Adopting a tiger in India, donating yoga classes to disadvantaged children in Los Angeles or building homes for residents of a struggling New Jersey city might seem unrelated.
But in corporate philanthropy, they are part of the same trend: a desire by companies to show customers and employees that they are not just interested in profits, but that they care about the state of the world. And saying so is not enough. So determined are they to show impact — the latest buzzword in philanthropy — that they are marshaling metrics to prove it.
So important are those metrics, in fact, the measuring has spawned an industry of its own.
Consider Subaru of America.
In the first nine months of this year, 512 employees have volunteered their time for 105 events for 46 different organizations.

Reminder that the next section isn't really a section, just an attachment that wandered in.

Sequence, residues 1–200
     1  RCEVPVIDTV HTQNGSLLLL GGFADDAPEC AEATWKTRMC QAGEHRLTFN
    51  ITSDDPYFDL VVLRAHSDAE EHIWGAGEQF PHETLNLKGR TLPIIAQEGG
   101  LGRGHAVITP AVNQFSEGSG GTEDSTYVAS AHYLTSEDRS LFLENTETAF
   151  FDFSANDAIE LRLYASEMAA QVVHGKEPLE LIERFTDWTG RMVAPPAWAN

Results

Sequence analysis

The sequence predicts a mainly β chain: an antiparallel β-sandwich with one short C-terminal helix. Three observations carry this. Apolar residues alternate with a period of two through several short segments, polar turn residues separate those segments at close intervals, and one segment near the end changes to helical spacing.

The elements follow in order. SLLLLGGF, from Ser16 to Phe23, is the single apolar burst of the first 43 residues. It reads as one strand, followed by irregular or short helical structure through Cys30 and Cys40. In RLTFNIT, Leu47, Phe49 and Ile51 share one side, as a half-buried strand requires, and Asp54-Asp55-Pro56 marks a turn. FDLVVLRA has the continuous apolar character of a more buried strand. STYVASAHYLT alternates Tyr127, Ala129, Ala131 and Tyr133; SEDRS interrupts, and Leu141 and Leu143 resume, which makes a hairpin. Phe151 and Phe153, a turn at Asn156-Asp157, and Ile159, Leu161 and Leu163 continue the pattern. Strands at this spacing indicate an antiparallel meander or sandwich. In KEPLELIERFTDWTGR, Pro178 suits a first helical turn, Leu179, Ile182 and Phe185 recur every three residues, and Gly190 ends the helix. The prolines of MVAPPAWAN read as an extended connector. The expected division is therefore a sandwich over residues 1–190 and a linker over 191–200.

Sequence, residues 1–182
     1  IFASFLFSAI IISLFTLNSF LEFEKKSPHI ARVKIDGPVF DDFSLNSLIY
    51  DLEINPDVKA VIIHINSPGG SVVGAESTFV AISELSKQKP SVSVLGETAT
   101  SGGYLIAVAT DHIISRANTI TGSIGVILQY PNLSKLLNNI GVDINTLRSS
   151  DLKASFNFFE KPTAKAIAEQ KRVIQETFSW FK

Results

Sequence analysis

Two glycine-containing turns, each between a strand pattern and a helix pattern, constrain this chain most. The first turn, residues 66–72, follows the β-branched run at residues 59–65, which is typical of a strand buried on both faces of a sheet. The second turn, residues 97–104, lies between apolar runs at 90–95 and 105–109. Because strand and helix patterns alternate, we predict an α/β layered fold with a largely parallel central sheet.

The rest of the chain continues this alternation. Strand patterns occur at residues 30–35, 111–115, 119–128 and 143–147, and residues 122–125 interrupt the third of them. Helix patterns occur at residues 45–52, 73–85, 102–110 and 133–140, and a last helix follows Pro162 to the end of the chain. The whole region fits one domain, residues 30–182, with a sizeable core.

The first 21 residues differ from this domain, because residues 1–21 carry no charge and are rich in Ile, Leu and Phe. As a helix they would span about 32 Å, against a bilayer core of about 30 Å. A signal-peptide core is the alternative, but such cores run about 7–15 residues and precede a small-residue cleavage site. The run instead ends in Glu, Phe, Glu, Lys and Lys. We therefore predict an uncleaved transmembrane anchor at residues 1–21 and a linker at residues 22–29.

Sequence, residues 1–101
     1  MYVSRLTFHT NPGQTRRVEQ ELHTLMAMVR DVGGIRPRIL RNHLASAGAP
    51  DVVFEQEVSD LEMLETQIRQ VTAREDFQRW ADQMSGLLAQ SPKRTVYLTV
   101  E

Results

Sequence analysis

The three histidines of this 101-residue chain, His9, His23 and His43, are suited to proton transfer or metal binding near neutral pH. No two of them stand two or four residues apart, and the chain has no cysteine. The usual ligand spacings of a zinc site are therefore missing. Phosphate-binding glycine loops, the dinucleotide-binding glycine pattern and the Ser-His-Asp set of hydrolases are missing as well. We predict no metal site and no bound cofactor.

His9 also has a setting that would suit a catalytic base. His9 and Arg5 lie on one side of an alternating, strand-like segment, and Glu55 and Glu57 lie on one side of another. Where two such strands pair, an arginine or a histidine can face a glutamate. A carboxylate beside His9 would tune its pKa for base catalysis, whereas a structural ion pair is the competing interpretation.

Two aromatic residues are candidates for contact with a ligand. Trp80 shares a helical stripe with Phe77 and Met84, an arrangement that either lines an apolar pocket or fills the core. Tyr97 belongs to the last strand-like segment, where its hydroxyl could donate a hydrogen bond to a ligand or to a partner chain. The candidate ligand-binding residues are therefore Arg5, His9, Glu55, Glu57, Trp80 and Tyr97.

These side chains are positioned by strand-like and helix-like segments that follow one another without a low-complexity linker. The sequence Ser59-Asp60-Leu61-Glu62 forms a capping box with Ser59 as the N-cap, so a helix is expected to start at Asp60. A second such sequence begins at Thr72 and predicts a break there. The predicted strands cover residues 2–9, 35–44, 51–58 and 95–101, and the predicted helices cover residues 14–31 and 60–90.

Seventy-four employees donated 500 hours to build three Habitat for Humanity homes in Camden, N.J., a poor city a few minutes from Subaru’s headquarters in Cherry Hill.
On the West Coast, 88 employees have donated 270 hours to assemble wheelchairs that were donated to veterans. Employees have filled 2,000 backpacks for schoolchildren.
For a company like Subaru, with a brand image of being outdoors, dependable, inclusive and kind, those metrics help attract great employees. They also help the company’s marketing campaign.